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Post-mastectomy reconstruction can take many approaches. Patients can opt for implant reconstruction or natural tissue reconstruction, of which there are multiple available techniques. The latissimus dorsi (LD) flap approach to breast reconstruction utilizes a natural tissue flap from the back that is typically combined with an implant. This technique has been utilized since the 1970s with improvements made over the years such that the current approach can reliably provide a natural appearing breast reconstruction. Dr. Tamburrino has extensive experience with LD flap breast reconstruction. During your initial consultation with our team, we can evaluate your condition, discuss your goals, and determine which approach to breast reconstruction best fits your needs. To arrange a consultation, contact us.

Latissimus Dorsi Flap Breast Reconstruction

The LD flap is typically raised from the upper mid-back using horizontal or oblique incisions in skin. Once these incisions have been made, the LD flap is elevated and brought around to the chest wall. The thoracodorsal artery is the main source of blood supply for the LD flap, and the primary vessels are left attached. The thoracodorsal nerve, which innervates the LD muscle can be divided in order to minimize muscle movement once the breast reconstruction has healed. Although the LD muscle is removed and transferred from the back, there are generally minimal if any significant physical limitations after this procedure.

In some patients, the LD flap can provide sufficient tissue for a small breast reconstruction without an underlying implant. This is particularly true in the case of a man undergoing mastectomy to treat breast cancer. In most women undergoing LD flap reconstruction, a breast implant or tissue expander is placed under the flap in order to provide volume.

Breast reconstruction with an LD flap can be done immediately after mastectomy or as a delayed procedure after the patient has healed from the mastectomy. The flap is a valuable source of soft tissue that may allow for a more natural looking and natural feeling breast than would be possible through implants alone.  This flap is also very useful to salvage a previously failed breast reconstruction or to correct contour deformities secondary to prior lumpectomy.

Risks and Benefits

Breast reconstruction with an LD flap is a proven technique that has been in use for decades. Patients considering this procedure who are competitive athletes should be aware that they might develop some weakening of shoulder extension and adduction. Generally, activities of daily living are not adversely affected by this surgery.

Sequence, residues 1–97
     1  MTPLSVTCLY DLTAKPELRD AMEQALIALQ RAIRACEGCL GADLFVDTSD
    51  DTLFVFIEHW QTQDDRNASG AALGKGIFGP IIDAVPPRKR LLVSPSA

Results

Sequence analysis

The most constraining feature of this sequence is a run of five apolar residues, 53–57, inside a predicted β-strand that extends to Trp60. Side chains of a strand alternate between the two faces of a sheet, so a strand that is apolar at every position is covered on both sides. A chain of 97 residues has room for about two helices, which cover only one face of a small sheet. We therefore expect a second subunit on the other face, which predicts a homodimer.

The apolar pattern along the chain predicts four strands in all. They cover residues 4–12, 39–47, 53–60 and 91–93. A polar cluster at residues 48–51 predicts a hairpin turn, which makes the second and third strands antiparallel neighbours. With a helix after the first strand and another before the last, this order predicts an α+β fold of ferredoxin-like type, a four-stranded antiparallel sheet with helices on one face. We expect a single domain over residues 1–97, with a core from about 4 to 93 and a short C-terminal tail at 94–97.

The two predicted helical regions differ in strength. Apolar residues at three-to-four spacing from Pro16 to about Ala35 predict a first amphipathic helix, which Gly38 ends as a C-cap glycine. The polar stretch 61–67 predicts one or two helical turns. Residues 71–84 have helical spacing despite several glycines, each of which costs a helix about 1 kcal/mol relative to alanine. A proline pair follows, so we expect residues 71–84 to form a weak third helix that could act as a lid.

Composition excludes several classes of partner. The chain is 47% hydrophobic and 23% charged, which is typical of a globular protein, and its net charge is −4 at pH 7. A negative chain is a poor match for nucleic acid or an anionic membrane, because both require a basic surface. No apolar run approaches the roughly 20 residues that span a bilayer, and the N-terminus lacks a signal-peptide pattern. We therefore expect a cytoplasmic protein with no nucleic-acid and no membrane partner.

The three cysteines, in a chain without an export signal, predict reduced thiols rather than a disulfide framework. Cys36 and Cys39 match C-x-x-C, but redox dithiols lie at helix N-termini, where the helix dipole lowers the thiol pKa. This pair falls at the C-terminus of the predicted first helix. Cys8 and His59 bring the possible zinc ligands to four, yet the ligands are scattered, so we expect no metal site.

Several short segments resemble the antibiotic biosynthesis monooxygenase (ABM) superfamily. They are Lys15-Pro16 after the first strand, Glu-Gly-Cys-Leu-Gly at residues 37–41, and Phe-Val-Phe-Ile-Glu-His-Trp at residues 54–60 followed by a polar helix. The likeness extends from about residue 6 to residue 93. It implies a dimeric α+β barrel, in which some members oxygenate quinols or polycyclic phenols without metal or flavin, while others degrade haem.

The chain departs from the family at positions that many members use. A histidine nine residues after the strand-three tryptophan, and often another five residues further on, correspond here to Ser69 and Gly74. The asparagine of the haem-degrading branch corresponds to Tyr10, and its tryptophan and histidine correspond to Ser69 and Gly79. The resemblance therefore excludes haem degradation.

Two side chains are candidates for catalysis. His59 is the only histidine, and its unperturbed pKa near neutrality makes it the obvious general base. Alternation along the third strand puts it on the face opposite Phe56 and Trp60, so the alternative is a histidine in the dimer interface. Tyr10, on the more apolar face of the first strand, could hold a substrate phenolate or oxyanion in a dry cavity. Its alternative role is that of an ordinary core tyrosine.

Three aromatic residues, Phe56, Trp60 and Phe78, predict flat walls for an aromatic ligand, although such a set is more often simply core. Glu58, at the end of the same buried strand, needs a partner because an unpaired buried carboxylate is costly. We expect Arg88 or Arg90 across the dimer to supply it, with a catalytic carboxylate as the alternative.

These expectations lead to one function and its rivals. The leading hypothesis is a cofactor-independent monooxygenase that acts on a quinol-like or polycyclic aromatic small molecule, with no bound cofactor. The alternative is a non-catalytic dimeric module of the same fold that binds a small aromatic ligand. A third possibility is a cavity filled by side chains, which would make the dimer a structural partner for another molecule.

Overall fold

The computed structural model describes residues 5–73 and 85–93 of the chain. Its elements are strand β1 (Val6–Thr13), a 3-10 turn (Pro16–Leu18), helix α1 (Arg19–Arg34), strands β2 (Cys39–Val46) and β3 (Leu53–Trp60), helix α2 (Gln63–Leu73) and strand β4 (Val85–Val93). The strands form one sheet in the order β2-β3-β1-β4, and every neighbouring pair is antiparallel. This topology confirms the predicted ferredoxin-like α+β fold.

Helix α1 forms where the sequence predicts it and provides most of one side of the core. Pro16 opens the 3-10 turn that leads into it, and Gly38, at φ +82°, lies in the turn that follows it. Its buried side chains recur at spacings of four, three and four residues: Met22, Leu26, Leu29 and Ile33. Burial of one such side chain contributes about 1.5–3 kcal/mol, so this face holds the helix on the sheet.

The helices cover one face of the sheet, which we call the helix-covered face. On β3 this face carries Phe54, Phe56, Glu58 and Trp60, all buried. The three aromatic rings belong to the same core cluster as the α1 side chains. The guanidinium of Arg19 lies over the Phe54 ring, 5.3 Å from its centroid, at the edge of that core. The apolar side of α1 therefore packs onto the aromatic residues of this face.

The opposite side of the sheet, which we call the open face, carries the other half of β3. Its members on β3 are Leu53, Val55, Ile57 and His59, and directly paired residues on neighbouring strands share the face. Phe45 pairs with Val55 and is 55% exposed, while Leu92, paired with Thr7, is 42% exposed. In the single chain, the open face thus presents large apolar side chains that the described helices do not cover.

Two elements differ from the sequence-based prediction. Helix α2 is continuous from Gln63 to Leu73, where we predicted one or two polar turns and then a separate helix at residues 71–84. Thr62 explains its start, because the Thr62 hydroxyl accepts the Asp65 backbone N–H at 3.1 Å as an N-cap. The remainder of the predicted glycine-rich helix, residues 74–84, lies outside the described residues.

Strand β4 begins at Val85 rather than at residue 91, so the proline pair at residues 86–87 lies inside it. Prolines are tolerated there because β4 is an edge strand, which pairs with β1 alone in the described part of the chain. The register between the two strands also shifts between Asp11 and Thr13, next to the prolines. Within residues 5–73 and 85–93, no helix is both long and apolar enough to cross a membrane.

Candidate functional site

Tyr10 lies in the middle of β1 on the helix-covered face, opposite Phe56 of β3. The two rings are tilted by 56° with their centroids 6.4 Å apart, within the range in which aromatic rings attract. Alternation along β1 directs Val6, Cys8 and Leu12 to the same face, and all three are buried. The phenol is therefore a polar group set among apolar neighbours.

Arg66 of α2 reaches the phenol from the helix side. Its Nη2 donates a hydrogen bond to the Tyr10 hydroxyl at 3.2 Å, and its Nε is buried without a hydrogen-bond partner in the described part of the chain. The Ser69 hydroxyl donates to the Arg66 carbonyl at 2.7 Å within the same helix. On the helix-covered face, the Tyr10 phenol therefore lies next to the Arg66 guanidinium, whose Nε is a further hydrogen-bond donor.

The primary benefit of LD flap breast reconstruction is that it allows for a more natural reconstruction as compared to the use of an implant alone. Because the LD flap procedure can be utilized as a natural tissue approach to breast reconstruction or in combination with implant reconstruction, a wide range of patients can have their needs met through this approach.  This includes patients who have deformities related to lumpectomy and radiation as well as those who may have had problems with other types of breast reconstruction procedures.


Ideal candidates for LD flap reconstruction are women who do not have sufficient tissue from alternative flap donor sites but still desire a reconstruction with natural tissue. Also, women with damaged or insufficient tissue on the chest to cover an expander or implant may require an LD flap as part of their breast reconstruction. This is particularly true for those who have had prior chest wall radiation or have failed other methods of breast reconstruction. For women who have a breast deformity related to prior lumpectomy, an LD flap can be utilized to improve the breast contour. For men undergoing mastectomy, the LD flap alone can restore chest contour. Individuals who have had previous surgery on the chest wall, such as a thoracotomy, or participate in highly rigorous sports that place great stress on the back muscles, such as rock climbing, may not be ideal candidates for this procedure.

Because of the muscle's proximity to the chest, latissimus dorsi flap for breast reconstruction after mastectomy is a popular technique. In addition, the transferred tissue can remain attached to its natural blood supply, making the procedure less complicated than other flap procedures. 

The latissimus dorsi flap can be used for breast reconstruction with or without a saline or silicone breast implant. If an implant is going to be used, a temporary tissue expander is often placed under the transferred tissue. After the device is in place, fluid is periodically injected into the expander. This allows the muscle and tissue to stretch and accommodate a permanent implant while also producing a more natural appearance.